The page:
time dilatation wrongly interpreted ?

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jessez13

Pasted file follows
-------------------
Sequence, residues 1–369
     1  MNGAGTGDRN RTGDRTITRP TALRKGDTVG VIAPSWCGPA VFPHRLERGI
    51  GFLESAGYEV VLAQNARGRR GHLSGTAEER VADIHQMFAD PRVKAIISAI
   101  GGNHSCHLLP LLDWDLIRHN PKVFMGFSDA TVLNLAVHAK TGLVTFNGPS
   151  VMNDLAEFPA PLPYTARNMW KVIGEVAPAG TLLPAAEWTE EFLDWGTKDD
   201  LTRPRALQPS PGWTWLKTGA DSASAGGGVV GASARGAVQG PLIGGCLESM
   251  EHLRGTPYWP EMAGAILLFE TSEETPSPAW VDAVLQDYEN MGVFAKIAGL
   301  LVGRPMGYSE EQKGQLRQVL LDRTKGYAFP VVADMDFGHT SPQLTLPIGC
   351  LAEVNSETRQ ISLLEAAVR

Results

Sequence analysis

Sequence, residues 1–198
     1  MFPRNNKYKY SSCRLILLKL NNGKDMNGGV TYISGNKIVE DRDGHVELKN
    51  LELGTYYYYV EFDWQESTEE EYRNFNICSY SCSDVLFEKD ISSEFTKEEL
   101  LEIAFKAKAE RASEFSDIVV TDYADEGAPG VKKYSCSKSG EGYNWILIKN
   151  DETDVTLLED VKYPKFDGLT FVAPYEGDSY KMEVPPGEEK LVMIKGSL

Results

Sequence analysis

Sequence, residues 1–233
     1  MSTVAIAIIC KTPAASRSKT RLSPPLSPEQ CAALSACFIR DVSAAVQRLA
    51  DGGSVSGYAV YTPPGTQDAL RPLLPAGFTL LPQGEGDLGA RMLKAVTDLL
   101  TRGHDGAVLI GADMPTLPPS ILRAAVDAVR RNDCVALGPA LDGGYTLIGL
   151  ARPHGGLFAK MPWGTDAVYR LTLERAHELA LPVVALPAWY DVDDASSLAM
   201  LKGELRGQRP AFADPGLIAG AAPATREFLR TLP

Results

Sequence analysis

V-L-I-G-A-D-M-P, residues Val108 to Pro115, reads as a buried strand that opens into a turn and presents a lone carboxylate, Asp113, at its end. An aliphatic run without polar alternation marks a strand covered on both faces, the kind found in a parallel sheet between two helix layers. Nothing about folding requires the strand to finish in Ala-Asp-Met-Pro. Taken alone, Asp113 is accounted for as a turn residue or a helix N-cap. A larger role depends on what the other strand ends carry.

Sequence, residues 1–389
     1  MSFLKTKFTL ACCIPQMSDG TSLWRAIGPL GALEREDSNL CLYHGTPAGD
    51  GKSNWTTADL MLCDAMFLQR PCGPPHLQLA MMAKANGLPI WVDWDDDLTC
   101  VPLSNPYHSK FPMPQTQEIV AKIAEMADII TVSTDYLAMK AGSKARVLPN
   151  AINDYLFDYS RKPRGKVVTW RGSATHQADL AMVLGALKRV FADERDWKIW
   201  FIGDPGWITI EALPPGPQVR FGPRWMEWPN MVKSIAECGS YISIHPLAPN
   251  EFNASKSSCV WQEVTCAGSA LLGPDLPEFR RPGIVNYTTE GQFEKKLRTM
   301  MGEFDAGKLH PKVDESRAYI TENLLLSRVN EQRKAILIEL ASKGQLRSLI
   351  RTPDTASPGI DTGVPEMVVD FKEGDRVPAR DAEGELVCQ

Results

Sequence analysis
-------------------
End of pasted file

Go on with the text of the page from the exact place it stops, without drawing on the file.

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<p><BR/>Replying to:<BR/><DIV CLASS='Discussion_PostQuote'>I read soooo many text and looked at soooo many animations about relativity.... I understand it, but i would like to clarify something. In all the examples (the train and embarquement, the clock etc...) they always state very clearly that the observer would SEE the time slow down. I don't refute this, in fact i agree 100%, a fast moving away clock would APPEAR to slow. And that is what tickles my neurons, all the text books i read use the words "appears to slow", "perceived time is slower", "see".....&nbsp;All the serious works on this says "time appears to slow", i never saw an explanation of the theory where they say "time does slow". Are we just mis-interpreting and taking what we see as the absolute reality ? Light takes time to travel, so all that we see is in the past. When we finally "see" the (fast moving away) clock, it is already farther in reality.Let's do some common math:Suppose we send a clock at 150,000 km/s (half light speed, let's round the numbers...). After 5 seconds, the clock shows 5 seconds and is at 750,000 km away.&nbsp;Light going at 300,000km/s will take (750,000/300,000) 2.5 seconds to come back to you. So 7.5 seconds after you sent the clock, you read it showing 5 seconds. time appeared to slow.now faster:Suppose we send a clock at 250,000 km/s (83% light speed, let's round the numbers...). After 5 seconds, the clock show 5 seconds and is at 1,250,000 km away.&nbsp;Light going at 300,000km/s will take (1,250,000/300,000)&nbsp;4.2 seconds to come back to you. So&nbsp;9.2 seconds after you sent the clock, you read it showing 5 seconds. time appeared to slow even more.The faster it goes, the more&nbsp;you see it slowing, which is what the theory says, i'm not arguing this, and even agree that laboratories experiments showed that.... but does the clock really slow ?&nbsp; </p><p>Posted by killium</DIV></p><p>&nbsp;</p><p><font size="2">First of all clocks moving relative to you always appear slow to you as long you remain in an inertial frame, even the ones moving towards you or passing off in the distance.&nbsp; This is after taking into account that you know that a signal from the clock will take a finite amount of time to reach you.&nbsp; In the twin paradox all inertial frames of references will agree that the traveling twin will have aged less than the earth twin. </font></p><p><font size="2">&nbsp;</font></p>
 
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